Every personal injury case is different, and the amount of compensation you can recover as a result of your injuries is determined by a number of factors, including:
- The severity of your injuries,
- The total value of your losses,
- Who is liable in your case and their degree of liability, and
- The strength of your case
One of the first things we must do after taking on a case, though, establishes that the other party’s negligent actions caused your injuries. We must also determine the degree to which they are liable.
Establishing Liability in Your Personal Injury
After taking on a new client, we immediately launch an investigation into their personal injury case, gathering evidence that allows us to prove liability and calculate the total value of their losses. Some of the evidence we collect includes:
- Police reports, medical records, and eyewitness statements
- Video surveillance
- Receipts, bills, and other documents that show the financial losses you incurred
In addition to providing that the other party was negligent, we must also establish the degree to which he or she was negligent. New York is a pure comparative negligence state. That means that even if you were partially responsible for your personal injury, you could still recover damages, they will just be reduced in proportion to your contribution to the injury. This means that if you were found to be 20% liable for your personal injury, for example, you are still entitled to 80% of the compensation awarded in your case.
Meeting the Serious Injury Threshold
Depending on the type of personal injury, you may have to meet a serious injury threshold in order to pursue benefits beyond those provided by the no-fault $50,000 limit.
The New York State Bar Association defines a serious injury as:
- Significant disfigurement
- Permanent loss of use of an organ, function, or system
- A significant limitation of use of a body function or system
- A medically determined injury or impairment that prevents the injured person from performing normal daily activities for 90 days
If it is determined that your injuries meet these requirements, you can pursue additional compensation not covered by your no-fault insurance, including the pain and suffering you endured because of the personal injury.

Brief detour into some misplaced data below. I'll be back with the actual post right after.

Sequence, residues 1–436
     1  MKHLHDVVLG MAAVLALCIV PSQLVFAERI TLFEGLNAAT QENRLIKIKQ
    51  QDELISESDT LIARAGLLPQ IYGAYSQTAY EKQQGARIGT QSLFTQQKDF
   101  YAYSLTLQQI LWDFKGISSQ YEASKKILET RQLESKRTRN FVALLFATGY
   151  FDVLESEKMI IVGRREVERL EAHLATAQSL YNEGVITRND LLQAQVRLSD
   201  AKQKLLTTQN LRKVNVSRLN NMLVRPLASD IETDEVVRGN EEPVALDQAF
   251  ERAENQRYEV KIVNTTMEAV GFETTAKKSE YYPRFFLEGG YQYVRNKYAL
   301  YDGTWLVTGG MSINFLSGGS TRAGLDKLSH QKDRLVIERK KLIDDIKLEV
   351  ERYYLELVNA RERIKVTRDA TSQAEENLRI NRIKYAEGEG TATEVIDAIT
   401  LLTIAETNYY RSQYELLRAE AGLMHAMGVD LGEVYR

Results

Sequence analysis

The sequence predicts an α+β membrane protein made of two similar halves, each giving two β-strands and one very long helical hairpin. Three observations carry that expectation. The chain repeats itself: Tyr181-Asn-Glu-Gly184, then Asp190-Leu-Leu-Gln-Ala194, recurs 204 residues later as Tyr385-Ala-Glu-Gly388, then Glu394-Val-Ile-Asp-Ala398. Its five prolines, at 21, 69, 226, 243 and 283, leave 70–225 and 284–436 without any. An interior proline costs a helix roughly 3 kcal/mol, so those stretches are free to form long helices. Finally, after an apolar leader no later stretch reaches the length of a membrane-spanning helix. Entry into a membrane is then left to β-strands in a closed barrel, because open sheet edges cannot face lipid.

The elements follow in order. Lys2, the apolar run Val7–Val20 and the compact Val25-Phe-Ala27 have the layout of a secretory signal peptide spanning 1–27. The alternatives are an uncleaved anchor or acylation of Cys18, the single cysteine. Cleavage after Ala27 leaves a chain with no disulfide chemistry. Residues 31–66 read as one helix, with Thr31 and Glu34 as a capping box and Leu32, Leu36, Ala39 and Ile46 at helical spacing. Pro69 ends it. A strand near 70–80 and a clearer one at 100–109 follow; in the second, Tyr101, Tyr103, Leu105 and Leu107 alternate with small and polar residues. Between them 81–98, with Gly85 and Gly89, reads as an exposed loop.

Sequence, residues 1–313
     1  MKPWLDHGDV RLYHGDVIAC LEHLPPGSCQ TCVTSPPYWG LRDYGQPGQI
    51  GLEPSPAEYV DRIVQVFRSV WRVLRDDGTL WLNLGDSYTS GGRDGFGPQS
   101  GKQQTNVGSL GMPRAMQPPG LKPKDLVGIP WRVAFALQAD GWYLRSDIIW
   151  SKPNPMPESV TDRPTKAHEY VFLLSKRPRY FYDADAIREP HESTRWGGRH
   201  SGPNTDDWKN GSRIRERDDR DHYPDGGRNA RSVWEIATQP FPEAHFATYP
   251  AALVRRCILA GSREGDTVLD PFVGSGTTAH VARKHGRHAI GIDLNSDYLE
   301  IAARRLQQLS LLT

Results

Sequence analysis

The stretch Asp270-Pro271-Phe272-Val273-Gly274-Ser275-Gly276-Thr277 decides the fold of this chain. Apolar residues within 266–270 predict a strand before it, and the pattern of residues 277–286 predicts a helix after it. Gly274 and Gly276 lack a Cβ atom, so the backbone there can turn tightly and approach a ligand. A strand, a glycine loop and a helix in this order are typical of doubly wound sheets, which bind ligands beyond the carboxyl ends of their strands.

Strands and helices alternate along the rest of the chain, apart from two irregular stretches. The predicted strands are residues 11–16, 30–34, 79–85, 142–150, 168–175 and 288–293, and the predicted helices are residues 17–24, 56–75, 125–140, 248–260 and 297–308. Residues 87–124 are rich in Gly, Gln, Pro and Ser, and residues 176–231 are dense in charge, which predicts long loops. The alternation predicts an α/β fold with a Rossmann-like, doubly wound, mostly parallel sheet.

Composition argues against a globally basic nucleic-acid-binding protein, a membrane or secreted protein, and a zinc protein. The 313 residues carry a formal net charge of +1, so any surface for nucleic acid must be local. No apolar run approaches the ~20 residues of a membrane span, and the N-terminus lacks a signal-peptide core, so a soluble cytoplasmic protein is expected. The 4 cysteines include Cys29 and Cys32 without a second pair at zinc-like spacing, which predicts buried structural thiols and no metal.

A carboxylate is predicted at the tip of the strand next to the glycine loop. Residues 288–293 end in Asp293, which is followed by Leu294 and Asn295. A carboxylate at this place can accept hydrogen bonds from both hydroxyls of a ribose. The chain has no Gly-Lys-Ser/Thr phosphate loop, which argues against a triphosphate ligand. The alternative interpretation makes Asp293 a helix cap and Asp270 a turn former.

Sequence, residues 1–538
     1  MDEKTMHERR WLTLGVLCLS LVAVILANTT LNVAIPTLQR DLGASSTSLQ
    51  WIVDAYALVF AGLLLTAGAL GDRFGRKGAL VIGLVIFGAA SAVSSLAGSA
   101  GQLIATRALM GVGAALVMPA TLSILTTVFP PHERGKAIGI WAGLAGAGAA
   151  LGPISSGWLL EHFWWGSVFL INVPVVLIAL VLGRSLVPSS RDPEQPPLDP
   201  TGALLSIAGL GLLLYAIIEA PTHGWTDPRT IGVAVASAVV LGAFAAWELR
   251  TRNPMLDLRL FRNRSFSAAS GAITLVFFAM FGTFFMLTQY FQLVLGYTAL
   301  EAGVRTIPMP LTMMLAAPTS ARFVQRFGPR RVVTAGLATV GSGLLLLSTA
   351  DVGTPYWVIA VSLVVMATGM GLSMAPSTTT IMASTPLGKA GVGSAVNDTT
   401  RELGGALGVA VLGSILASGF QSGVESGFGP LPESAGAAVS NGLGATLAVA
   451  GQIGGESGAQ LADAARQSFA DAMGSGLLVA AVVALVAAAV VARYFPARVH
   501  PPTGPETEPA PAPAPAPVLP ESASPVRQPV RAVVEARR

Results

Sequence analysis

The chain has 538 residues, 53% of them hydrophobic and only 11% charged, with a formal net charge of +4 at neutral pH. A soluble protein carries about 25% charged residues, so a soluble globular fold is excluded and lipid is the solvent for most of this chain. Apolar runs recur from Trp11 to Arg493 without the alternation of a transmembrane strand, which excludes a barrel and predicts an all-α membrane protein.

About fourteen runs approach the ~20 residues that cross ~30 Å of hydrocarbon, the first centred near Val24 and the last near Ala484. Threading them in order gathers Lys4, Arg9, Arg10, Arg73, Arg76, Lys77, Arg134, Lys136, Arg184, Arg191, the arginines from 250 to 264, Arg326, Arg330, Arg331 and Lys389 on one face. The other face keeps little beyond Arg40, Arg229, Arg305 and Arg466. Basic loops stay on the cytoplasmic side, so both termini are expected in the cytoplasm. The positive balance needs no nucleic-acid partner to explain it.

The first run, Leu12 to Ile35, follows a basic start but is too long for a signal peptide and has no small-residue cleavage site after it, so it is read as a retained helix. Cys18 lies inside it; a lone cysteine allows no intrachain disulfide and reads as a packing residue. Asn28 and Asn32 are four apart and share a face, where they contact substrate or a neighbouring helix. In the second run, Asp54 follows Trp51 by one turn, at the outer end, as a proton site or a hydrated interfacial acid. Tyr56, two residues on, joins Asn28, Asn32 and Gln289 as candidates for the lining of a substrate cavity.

Types of Damages You May Recover
While every case is different, there are some common types of damages that victims are able to recover in personal injury cases. They include:
- Medical expenses, such as ambulance rides, hospital stays, surgical procedures, doctor’s examinations, and medication
- Ongoing treatment
- Physical, occupational, and other therapies
- Assistive devices like wheelchairs and walkers
- The repair or replacement of personal property
- Emotional distress
- Pain and suffering
- Disfigurement or dismemberment
If your family member died as a result of his or her injuries, you may be entitled to:
- Pain and suffering
- Funeral and burial costs
- Loss of benefits and wages provided by the deceased
- Loss of consortium
- Loss of support and protection
- Loss of companionship
As you can see, there are a number of possible types of damages that you may be entitled to as a result of your personal injury. The severity of your injuries, the value of your losses, whether you were at all responsible for what happened, and the strength of your case are all factors that can impact the settlement in a case.
Rosenberg & Gluck, L.L.P. Can Help With Your Personal Injury Case
The lawyers at Rosenberg & Gluck, L.L.P. care about your future and are ready to fight for your legal rights. Call us today at (631) 451-7900 for a free, no-risk evaluation of your case. We can assist clients in Spanish, too. You may have a limited time to act under NY § 214.